CAMBRIDGE: A pivotal question to be debated in this year’s US presidential election is whether American prosperity resulted from Clinton Administration policies or from deeper changes arising from new technology and globalization. In short, should Bill Clinton or Bill Gates get the credit for America’s boom?
The economic successes of Clinton’s eight years are undoubted. America enjoys its longest continuous economic expansion in history, now more than nine years old. Economic growth averaged 3.6% per year between 1992-1999, far above the 2.9% per year growth between1980-92. 15 million jobs were created between 1992 and 1999; the unemployment rate, now 4%, is the lowest in 30 years. The stock market’s performance is legendary, with capital gains totaling 7 trillion dollars since the start of 1996.
No government, of course, could be fully responsible for such large trends. Still, the Clinton Administration was more than a bystander. For President Clinton took a favorable inheritance B the results of the policies of previous governments, as well as global trends and innovations in science and technology B and skillfully fashioned an economic governance well designed for a knowledge based economy. His Administration deserves much credit, both for policies followed and mistakes avoided.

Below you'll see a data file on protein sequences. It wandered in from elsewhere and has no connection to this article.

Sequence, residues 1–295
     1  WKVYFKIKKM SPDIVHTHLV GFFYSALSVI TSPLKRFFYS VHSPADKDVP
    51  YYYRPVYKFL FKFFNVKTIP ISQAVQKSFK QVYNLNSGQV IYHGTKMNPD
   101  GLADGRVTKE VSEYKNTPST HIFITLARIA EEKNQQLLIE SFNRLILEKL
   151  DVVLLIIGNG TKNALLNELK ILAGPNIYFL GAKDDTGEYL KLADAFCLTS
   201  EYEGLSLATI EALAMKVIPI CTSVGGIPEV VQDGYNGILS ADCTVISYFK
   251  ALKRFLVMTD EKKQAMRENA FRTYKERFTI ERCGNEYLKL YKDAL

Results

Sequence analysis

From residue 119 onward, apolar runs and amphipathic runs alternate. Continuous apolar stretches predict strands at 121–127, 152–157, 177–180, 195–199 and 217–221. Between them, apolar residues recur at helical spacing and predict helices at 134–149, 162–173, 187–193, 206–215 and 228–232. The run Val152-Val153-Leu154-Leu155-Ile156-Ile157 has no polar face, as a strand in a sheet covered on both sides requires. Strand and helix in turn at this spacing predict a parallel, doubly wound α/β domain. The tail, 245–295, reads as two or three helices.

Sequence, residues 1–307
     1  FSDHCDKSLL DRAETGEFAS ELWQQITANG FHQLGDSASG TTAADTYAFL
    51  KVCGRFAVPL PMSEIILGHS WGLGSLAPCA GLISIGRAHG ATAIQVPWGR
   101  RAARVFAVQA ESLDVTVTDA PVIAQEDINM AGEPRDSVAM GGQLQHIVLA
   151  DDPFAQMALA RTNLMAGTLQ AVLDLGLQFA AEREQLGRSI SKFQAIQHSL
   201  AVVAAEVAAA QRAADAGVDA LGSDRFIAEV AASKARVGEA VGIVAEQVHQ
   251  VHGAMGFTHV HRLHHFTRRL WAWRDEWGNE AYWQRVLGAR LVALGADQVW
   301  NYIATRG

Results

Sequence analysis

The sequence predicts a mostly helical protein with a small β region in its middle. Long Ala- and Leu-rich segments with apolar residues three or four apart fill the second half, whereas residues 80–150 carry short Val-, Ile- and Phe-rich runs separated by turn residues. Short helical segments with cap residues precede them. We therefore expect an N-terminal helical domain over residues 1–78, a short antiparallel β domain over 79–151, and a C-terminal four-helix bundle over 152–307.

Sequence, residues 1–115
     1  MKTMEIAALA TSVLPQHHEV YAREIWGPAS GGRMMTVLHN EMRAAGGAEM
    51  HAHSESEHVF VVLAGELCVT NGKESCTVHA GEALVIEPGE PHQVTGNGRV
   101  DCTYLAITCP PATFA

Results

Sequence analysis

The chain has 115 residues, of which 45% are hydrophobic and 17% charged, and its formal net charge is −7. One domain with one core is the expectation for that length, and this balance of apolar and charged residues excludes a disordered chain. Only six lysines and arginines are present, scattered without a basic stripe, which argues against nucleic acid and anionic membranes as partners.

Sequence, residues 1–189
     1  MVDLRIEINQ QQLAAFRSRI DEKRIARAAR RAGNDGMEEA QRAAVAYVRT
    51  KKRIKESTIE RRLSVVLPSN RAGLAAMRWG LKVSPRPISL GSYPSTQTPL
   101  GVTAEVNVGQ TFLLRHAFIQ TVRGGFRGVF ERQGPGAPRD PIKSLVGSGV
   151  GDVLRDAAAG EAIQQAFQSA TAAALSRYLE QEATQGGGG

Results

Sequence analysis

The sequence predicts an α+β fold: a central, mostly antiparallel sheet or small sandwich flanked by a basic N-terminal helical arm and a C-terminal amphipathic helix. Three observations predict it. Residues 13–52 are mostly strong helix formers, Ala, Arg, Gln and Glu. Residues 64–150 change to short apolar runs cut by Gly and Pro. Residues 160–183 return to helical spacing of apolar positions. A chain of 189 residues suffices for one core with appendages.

First the inheritance. A good starting point was the end of the Cold War which enabled the US to reduce military spending by around 2.5% of GDP (comparing 1990 and 2000), a saving worth around $225 billion per year. This helped Clinton reduce the budget deficit in a rather painless manner. The second inheritance was a flexible, deregulated economy with fairly low marginal tax rates, a legacy of the Reagan-Bush era. The third inheritance was low inflation.